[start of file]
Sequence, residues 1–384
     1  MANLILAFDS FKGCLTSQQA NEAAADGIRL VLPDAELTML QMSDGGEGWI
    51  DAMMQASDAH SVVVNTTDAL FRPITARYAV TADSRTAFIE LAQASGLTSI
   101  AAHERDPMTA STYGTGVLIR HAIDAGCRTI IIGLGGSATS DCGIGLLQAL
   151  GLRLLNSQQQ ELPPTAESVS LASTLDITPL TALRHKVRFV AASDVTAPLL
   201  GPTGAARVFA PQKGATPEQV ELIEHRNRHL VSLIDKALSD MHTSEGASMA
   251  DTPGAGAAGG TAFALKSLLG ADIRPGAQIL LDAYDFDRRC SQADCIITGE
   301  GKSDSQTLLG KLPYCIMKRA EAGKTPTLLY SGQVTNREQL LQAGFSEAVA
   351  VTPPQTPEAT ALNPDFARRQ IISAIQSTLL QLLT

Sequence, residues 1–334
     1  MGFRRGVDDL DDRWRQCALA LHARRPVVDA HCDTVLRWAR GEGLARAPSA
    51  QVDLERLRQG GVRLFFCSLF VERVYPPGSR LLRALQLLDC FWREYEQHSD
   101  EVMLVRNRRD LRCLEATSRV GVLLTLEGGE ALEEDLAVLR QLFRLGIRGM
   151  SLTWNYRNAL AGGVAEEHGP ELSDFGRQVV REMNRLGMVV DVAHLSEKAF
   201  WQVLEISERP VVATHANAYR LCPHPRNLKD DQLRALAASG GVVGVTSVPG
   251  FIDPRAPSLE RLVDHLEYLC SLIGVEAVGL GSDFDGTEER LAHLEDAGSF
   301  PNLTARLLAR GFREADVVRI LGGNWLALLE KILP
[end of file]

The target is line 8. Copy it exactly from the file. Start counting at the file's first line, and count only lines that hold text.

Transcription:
   301  GKSDSQTLLG KLPYCIMKRA EAGKTPTLLY SGQVTNREQL LQAGFSEAVA